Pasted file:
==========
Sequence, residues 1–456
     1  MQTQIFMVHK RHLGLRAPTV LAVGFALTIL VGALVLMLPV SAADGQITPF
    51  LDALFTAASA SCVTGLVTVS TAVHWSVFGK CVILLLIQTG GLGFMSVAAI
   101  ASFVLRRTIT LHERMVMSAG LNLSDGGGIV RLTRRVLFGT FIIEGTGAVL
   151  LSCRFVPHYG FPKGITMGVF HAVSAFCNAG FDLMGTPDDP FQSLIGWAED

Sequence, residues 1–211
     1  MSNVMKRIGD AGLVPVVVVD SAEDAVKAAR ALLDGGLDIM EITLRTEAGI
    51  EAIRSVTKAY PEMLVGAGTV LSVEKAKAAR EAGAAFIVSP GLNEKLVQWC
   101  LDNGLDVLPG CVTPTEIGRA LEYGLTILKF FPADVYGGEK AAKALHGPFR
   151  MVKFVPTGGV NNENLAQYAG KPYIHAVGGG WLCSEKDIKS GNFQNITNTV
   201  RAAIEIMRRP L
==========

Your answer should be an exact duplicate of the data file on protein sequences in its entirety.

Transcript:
Sequence, residues 1–456
     1  MQTQIFMVHK RHLGLRAPTV LAVGFALTIL VGALVLMLPV SAADGQITPF
    51  LDALFTAASA SCVTGLVTVS TAVHWSVFGK CVILLLIQTG GLGFMSVAAI
   101  ASFVLRRTIT LHERMVMSAG LNLSDGGGIV RLTRRVLFGT FIIEGTGAVL
   151  LSCRFVPHYG FPKGITMGVF HAVSAFCNAG FDLMGTPDDP FQSLIGWAED

Sequence, residues 1–211
     1  MSNVMKRIGD AGLVPVVVVD SAEDAVKAAR ALLDGGLDIM EITLRTEAGI
    51  EAIRSVTKAY PEMLVGAGTV LSVEKAKAAR EAGAAFIVSP GLNEKLVQWC
   101  LDNGLDVLPG CVTPTEIGRA LEYGLTILKF FPADVYGGEK AAKALHGPFR
   151  MVKFVPTGGV NNENLAQYAG KPYIHAVGGG WLCSEKDIKS GNFQNITNTV
   201  RAAIEIMRRP L